Tuesday, September 8, 2015

The Genetics Of Music

  Back in 1999 I was studying music composition as a freshman in college. In the early 2000's, I learned of an ambitious new endeavor called The Music Genome Project. What exactly is a "music genome", you ask?
The Music Genome Project is an effort to "capture the essence of music at the most fundamental level" using over 450 attributes to describe songs and a complex mathematical algorithm to organize them.
[ Wikipedia: Music Genome Project ]

  I immediately fell in love with the idea and couldn't wait to see if they were really going to be able to pull it off. Little did I know that what was coming would revolutionize the way people interact with the music listening experience.

  Six years later, thanks to the work of Music Genome founders Tim Westergren and Will Glaser (and scores of professional musicologists) they launched an amazingly customizable music streaming service called Pandora, and introduced the world to the joy of being able to create and curate your own personal selection of digital radio stations. Pandora learns your taste in music as you give each song it plays a "thumbs up", a "thumbs down", or just let it slide with no input. After just a couple listening sessions, the software begins finding artists and songs it thinks you will like... with an unreal level of accuracy.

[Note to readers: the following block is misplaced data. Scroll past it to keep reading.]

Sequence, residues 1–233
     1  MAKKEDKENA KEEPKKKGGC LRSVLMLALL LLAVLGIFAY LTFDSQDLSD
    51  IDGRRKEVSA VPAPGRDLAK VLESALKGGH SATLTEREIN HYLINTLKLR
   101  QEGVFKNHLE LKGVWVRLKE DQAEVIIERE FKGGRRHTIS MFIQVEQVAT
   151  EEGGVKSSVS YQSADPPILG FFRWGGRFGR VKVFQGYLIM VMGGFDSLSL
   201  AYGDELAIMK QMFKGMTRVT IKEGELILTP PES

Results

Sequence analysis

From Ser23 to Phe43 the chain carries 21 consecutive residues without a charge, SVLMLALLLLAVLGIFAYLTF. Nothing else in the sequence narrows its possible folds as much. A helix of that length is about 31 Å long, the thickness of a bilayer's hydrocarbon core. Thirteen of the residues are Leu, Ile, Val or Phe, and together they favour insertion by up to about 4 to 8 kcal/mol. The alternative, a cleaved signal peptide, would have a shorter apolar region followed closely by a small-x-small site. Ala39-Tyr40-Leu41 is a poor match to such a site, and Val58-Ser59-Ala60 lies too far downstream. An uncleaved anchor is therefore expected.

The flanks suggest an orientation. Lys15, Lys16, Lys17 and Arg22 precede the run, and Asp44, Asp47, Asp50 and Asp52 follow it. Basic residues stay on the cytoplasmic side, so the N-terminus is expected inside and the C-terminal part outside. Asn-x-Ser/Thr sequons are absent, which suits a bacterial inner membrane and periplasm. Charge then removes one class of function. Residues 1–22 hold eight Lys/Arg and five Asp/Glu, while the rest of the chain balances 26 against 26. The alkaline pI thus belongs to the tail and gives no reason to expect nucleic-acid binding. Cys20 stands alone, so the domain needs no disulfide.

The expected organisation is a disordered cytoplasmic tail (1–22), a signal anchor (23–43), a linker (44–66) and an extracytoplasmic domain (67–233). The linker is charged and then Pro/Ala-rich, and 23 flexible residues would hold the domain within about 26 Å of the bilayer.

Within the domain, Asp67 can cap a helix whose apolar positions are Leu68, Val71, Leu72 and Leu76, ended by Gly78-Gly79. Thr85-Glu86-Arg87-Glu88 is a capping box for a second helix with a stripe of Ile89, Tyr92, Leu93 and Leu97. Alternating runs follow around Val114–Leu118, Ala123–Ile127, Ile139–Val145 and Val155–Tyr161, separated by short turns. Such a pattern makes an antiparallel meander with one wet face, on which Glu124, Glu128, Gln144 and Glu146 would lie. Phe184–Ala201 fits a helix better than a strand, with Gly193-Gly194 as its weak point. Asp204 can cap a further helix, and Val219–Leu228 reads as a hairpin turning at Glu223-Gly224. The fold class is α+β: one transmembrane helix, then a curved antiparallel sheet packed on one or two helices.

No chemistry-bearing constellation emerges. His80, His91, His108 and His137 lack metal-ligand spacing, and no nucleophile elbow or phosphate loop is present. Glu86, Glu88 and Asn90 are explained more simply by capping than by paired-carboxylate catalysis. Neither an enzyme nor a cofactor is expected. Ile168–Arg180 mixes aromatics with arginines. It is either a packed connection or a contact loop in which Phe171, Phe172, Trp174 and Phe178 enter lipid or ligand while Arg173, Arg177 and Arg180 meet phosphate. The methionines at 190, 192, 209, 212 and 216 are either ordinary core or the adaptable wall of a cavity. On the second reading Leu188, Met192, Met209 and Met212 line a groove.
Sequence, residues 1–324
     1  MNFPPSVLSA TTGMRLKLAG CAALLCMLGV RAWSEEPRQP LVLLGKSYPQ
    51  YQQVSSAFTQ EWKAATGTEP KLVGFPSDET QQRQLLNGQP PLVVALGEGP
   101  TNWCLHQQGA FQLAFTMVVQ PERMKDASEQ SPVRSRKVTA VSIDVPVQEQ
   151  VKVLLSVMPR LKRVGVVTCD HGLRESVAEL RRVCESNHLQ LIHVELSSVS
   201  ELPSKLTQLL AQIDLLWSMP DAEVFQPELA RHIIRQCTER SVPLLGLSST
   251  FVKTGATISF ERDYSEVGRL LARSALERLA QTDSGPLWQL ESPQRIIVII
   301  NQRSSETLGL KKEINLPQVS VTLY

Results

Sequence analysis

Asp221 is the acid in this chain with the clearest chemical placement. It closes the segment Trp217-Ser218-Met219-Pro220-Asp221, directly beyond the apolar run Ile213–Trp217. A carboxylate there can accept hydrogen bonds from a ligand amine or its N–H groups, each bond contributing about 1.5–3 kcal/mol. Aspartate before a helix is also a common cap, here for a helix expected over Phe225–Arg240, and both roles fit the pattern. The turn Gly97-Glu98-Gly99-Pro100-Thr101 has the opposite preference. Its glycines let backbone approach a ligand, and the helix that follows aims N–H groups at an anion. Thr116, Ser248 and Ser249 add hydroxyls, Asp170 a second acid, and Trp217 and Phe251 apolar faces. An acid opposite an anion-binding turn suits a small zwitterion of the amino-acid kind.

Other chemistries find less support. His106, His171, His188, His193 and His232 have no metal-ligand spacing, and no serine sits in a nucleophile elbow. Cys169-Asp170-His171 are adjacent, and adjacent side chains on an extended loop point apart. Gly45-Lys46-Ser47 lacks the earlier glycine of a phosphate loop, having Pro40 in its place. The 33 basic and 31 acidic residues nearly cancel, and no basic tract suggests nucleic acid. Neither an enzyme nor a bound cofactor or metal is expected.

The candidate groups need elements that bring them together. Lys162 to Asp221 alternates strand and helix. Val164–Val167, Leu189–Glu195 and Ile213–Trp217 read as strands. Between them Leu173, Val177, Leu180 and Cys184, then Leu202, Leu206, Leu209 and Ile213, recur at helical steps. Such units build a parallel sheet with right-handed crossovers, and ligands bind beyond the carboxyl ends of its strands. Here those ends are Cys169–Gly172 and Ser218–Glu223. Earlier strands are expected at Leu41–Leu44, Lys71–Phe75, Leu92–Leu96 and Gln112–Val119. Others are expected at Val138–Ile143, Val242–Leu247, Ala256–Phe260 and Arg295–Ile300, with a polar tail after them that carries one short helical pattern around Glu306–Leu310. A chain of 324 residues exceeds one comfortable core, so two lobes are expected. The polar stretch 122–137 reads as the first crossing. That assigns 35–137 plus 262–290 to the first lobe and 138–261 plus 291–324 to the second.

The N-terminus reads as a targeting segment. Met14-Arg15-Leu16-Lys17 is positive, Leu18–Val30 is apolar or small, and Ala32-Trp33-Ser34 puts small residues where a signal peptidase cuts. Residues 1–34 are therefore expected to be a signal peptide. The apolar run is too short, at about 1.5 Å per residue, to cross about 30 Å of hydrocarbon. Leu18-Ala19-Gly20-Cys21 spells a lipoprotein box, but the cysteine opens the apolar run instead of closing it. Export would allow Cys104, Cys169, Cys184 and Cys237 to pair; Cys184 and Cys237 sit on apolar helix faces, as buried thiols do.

Pandora does not use machine-listening or other forms of automated data extraction. The typical music analyst working on the Music Genome Project has a four-year degree in music theory, composition or performance, has passed through a selective screening process and has completed intensive training in the Music Genome's rigorous and precise methodology.

  While listening, users are offered the ability to buy the songs or albums at various online retailers. Over 400 different musical attributes are considered when selecting the next song to play. These 400 attributes are combined into larger groups called focus traits. There are 2,000 focus traits. Examples of these are rhythm syncopation, key tonality, vocal harmonies, and displayed instrumental proficiency.

  What do I think of Pandora now that I have been using it myself for so many years? I absolutely love it and can't imagine ever being without it.

  Wednesday, September 9th is Pandora's 10th birthday. Over the last decade Pandora has grown into a $3.6 billion company, as it's users have listened to over 74 billion hours of music tailored to even the most eclectic of personal tastes. So anyway- this month I, and more than 250 million other Pandora listeners across the United States, Australia, and New Zealand have occasion to celebrate the awesomeness of being able to discover new music we already like, that we simply haven't heard yet.

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